FDA approves immunotherapy drug combination for people with most common type of liver cancer
For the first time in over a decade, a new drug combination has been approved by the U.S. Food & Drug Administration to treat hepatocellular carcinoma, the most common type of liver cancer, as a first-line treatment.
Researchers found that a combination of atezolizumab, an immunotherapy drug that boosts the body’s natural defenses, and bevacizumab, an anti-angiogenesis drug that inhibits the growth of tumors’ blood vessels, improved overall survival and reduced the risk of death by 42 percent. It also decreased the risk of the disease worsening by 41 percent, and the percentage of patients whose cancer shrank or disappeared more than doubled.
Results from the clinical trial that led to the FDA approval were published in the New England Journal of Medicine and led by Dr. Richard Finn, a professor of medicine at the David Geffen School of Medicine at UCLA and director of the signal transduction and therapeutics program at the UCLA Jonsson Comprehensive Cancer Center.
“The therapy is a real game-changer for people diagnosed with this aggressive disease,” said Finn, who was the study’s principal investigator and lead author. “We now have a new therapy that not only improves survival for people with the disease, which is very challenging to treat, but that helps them live longer while maintaining a high quality of life.”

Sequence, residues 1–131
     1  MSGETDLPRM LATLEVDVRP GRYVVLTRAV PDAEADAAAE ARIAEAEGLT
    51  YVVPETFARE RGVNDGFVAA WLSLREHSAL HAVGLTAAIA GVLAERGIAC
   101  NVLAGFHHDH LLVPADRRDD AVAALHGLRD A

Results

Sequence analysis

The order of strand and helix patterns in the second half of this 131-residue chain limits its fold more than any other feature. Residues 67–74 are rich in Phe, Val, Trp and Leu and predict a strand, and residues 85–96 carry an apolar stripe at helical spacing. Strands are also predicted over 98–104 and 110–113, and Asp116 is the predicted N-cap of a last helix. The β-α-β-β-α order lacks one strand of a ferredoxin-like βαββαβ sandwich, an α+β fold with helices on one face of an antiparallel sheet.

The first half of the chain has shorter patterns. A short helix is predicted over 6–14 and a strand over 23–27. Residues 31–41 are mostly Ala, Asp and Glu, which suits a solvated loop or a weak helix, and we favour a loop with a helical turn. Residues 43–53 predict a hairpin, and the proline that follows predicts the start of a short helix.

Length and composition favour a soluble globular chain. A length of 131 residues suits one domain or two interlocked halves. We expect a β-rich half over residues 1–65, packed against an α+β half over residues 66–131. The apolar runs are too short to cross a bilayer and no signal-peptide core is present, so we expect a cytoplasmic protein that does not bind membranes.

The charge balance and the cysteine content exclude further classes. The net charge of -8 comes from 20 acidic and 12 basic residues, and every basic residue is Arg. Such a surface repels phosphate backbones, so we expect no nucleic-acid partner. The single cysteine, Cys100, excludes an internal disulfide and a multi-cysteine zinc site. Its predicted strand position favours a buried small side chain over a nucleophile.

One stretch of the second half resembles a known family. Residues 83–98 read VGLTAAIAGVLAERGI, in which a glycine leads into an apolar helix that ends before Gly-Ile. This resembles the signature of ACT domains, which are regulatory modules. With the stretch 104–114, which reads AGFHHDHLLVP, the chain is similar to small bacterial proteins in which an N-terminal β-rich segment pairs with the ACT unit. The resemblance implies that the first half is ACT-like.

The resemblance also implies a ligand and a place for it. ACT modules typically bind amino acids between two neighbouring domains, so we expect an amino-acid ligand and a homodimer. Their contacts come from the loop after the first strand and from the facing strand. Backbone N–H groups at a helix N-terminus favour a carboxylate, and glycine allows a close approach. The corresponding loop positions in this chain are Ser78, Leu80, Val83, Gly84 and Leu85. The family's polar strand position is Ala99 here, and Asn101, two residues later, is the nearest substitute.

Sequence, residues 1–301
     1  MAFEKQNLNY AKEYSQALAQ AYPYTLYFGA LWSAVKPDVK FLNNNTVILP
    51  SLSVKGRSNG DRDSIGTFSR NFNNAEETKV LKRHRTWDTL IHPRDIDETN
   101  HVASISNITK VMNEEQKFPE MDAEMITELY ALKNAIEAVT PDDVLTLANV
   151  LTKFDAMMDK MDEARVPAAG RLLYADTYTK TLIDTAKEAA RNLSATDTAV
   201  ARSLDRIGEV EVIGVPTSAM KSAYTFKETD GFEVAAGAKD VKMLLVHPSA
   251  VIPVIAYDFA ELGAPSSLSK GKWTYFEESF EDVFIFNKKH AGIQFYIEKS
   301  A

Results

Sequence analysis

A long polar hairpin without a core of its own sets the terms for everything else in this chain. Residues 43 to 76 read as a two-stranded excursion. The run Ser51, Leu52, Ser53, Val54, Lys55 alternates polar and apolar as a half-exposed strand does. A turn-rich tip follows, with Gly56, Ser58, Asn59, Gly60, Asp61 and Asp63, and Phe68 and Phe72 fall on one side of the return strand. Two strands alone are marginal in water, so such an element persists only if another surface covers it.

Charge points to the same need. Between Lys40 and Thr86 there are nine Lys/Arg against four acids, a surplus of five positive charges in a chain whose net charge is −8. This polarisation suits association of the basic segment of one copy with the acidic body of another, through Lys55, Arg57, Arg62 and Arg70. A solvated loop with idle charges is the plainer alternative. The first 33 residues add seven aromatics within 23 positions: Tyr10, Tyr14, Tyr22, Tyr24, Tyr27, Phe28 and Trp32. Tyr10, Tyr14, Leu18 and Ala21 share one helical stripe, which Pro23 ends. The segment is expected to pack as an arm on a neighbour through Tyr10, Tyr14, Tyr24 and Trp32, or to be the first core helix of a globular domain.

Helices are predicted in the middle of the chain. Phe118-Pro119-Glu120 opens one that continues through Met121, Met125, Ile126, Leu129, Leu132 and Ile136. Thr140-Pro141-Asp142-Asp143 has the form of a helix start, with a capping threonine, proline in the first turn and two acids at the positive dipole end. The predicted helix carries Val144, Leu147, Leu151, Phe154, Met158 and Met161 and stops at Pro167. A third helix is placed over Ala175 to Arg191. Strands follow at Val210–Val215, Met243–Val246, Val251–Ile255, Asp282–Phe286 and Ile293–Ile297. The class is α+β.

According to the American Cancer Society, liver cancer incidence rates have more than tripled, and death rates have more than doubled, since 1980. Some 800,000 people are diagnosed with this cancer each year, and it is a leading cause of cancer deaths worldwide, accounting for more than 700,000 deaths annually.
UCLA Health has a comprehensive liver cancer program with a multidisciplinary team to bring the latest treatments to people with all stages of liver cancer.
Tecentriq (atezolizumab) and Avastin (bevacizumab) are registered trademarks of Genentech, a member of the Roche Group.